The i4 – iFLY Leadership Experience is a unique personal development program that is fun, practical and full of helpful insights, writes Craig Donaldson from Inside HR.
Over the better part of the past decade, there have been a significant number of developments in the field of neuroleadership – a fast-emerging field of study connecting neuroscientific knowledge with the theory and practice of leadership development, management training, consulting and coaching.
Neuroleadership is all about helping individuals and organisations function at their best and fulfil their potential through understanding how our brains function.
In today’s world of volatility, uncertainty, complexity and ambiguity (VUCA), it is more challenging than ever before to perform at our best and be productive in the pursuit of setting goals, delineating processes and having to deal with tonnes of information.
Being in over our heads most of the time, jumping from one task to another, sitting down at our computers when we feel exhausted and being “busy” makes us sluggish, isolated and rigid – in other words, unproductive.
With this in mind, leadership expert has developed a unique half-day personal development program which combines the latest developments in leadership and the brain, with the thrill of indoor skydiving.
Damiano, who serves as CEO of About my Brain Institute and adjunct director of Neuro-Learning Programs at MGSM Executive Education, developed the program based on the – a personal leadership model with the brain at its core, made up of four key competencies (integration, inspiration, imagination and intuition) and 16 underpinning pillars.
The i4 – iFLY Leadership Experience program comprises four elements: a two-hour masterclass on neuroscience and leadership in which participants learn about themselves, the brain and how to optimise it; a 360 degree i4 Neuroleader assessment where participants self-rate then gather feedback from colleagues; a one-hour Skype coaching session; and the iFLY experience (probably the most fun element), made possible thanks to the program venue being the iFLY indoor skydiving complex in Sydney.
See the program in Action
Damiano’s style throughout the program is naturally engaging and interactive, and she focuses on building rapport with participants to help them understand how the i4 Neuroleader model can be applied to help them improve personal and professional effectiveness.
With a good balance between leadership and facilitation, Damiano helps participants identify strengths and limitations and chart a map of action, and teaches practical strategies to improve personal leadership capabilities.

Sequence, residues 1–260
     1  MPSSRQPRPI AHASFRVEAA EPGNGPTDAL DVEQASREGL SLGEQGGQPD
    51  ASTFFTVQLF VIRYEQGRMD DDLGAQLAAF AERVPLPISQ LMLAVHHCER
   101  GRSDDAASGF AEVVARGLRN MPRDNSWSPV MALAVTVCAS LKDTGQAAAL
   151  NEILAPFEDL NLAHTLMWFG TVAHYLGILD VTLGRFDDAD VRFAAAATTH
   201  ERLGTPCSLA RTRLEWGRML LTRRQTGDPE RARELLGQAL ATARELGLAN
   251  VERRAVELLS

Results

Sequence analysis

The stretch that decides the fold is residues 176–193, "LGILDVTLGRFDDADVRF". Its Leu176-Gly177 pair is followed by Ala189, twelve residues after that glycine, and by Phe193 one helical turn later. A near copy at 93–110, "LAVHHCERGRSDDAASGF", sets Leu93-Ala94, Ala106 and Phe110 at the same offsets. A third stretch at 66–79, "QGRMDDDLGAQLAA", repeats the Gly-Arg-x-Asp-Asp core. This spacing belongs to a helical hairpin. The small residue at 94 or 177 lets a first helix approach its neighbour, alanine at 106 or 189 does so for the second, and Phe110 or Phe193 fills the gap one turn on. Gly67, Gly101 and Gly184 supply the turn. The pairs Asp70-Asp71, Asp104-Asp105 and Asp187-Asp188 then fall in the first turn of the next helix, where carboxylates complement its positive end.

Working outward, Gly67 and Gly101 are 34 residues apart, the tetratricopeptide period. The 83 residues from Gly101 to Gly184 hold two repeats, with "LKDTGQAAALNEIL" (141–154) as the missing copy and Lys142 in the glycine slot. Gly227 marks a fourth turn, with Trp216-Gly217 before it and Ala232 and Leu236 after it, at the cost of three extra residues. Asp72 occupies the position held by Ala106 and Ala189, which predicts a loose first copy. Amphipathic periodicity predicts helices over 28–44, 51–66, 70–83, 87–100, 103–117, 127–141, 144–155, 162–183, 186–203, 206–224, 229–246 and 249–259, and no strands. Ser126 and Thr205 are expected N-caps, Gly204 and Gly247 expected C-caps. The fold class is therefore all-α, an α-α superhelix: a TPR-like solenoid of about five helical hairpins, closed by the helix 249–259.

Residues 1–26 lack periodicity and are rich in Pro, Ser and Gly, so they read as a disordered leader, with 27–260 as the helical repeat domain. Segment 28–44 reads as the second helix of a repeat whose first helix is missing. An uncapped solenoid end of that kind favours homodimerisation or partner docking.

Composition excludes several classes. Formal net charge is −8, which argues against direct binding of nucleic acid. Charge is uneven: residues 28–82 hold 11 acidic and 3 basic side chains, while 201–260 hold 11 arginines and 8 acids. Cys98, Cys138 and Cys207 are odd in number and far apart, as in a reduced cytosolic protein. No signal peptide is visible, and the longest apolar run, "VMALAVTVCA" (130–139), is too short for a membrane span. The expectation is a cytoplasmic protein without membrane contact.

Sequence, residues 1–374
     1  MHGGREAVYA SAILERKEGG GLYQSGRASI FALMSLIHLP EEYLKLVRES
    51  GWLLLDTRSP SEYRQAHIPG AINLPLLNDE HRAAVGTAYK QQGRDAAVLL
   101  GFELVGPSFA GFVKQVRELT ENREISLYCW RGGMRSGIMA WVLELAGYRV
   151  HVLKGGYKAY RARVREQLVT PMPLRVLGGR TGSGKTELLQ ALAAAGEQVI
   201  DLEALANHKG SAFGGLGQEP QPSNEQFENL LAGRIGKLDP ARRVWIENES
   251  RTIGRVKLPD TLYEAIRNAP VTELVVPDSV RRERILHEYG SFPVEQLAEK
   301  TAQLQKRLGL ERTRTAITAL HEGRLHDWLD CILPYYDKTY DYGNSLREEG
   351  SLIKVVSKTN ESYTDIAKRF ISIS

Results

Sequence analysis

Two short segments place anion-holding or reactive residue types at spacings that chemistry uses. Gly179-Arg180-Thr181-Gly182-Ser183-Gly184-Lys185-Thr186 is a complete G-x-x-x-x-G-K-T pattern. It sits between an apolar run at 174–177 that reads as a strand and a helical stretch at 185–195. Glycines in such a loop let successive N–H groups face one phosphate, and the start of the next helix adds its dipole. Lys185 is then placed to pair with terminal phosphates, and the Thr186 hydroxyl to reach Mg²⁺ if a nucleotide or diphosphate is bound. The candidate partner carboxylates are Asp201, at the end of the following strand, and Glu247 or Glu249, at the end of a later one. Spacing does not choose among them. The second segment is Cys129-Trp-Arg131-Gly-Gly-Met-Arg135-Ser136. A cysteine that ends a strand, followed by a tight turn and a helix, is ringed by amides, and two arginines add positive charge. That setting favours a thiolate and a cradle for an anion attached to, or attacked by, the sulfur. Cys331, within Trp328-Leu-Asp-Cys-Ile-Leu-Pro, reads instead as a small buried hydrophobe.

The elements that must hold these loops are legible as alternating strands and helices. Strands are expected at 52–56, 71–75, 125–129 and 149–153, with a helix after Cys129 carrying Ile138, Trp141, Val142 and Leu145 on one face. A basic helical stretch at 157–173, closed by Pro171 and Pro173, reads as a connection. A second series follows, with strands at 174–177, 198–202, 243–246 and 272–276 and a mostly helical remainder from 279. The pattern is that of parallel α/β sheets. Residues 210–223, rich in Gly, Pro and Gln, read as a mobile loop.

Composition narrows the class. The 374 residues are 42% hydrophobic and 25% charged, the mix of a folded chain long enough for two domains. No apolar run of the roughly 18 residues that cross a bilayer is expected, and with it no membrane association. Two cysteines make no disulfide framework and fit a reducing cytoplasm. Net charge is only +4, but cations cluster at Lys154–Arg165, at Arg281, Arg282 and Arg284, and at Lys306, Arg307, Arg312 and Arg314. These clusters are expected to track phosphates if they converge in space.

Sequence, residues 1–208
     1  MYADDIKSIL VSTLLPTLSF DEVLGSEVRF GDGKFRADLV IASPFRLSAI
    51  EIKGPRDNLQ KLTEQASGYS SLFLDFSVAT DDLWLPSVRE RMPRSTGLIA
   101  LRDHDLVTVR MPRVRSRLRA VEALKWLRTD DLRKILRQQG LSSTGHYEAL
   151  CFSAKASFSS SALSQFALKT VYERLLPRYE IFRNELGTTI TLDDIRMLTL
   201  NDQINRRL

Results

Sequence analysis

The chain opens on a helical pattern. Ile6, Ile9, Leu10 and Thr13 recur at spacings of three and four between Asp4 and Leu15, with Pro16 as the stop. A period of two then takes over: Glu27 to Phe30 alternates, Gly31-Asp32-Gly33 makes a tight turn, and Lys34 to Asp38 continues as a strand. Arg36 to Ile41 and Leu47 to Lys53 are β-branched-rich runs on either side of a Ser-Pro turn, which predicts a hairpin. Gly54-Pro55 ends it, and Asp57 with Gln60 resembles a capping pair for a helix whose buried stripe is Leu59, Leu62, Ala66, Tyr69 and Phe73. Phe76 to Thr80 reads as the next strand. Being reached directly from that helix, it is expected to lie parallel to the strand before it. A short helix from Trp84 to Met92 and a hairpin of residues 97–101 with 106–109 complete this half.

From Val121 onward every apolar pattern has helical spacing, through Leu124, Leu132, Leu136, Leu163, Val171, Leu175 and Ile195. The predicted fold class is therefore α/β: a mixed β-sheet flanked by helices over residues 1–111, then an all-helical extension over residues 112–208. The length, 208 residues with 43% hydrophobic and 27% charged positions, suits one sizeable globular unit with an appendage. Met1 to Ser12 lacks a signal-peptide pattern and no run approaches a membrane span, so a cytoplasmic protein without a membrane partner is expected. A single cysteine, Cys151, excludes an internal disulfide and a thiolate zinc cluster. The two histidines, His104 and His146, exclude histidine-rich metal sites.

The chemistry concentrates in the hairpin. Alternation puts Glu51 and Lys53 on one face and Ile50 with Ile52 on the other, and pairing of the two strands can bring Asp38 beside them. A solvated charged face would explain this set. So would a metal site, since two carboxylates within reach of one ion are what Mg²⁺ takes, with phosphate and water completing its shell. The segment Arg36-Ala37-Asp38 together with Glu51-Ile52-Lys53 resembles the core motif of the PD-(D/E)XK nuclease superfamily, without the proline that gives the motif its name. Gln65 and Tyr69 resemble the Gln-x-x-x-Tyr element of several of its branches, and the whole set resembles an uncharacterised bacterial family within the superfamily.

The iFLY experience is a great way to top off the half-day program, flying inside an air tunnel with the wind blowing at more than 160 kilometres per hour. After a short training session and donning orange and blue flight suits, flight goggles and helmets, participants are accompanied by an experienced instructor as they take turns flying in the tunnel.
This helps participants notice the importance of getting their brains into “flow” mode in becoming more relaxed, less self-conscious and truly enjoying the moment.
“Being busy” is not the best way to become a high flyer. Rather, understanding how our brains work in practice and applying these insights will deliver enhanced productivity, and the i4 – iFLY Leadership Experience program is a great start to this process.
Box: 8 steps to re-learning how to be productive
Silvia Damiano, CEO of About my Brain Institute and leader of the i4 – iFLY Leadership Experience, outlines eight steps to improving personal productivity:
- Take time to “do nothing”, even if it is 10 to 15 minutes a day. Doing this reboots and refreshes the brain. Research shows that when our minds wander (or daydream), we are 40 per cent more likely to find solutions and come up with creative ideas.
- Re-frame what you say to yourself, for example: “Isn’t it great to be busy rather than not having anything to do?” See it as a blessing rather than an issue.
- Devote yourself to learning how to do the basics right. If you are a slow reader, attend a speed reading course. If you have difficulty writing in an effective way, do a writing course. Learning the basics can free our time for more important things.
- Set short-term goals and spend time planning how to achieve them. When goals are too big or too difficult to reach and there are no clear strategies on how to achieve them, our brains can potentially freeze and we become anxious and scattered.
- Get up from your desk and spend face-to-face time with others. A chat can be more effective to sort out issues or discuss ideas than an email exchange.
- If you feel tense, take a short break, go for a walk and breathe deeply. Oxygen is necessary for the thinking part of the brain to be fully functional. When our emotions take over and we are frustrated or angry, the quality of our decisions and problem-solving abilities are affected.
- Sedentarism (spending most of the time sitting down) also affects us significantly. Stand up, move your neck, shoulders and legs. Have short meetings in the corridors rather than long meetings around a table. If you work from home, you can try walking slowly on a treadmill while you work at the computer. New specially designed desks are starting to emerge in the market making us aware of the importance of alternating positions when we work.
- Invest time in building relationships. Trust is essential to get along with others and to feel confident enough to ask for feedback so you can improve your own sense of productivity.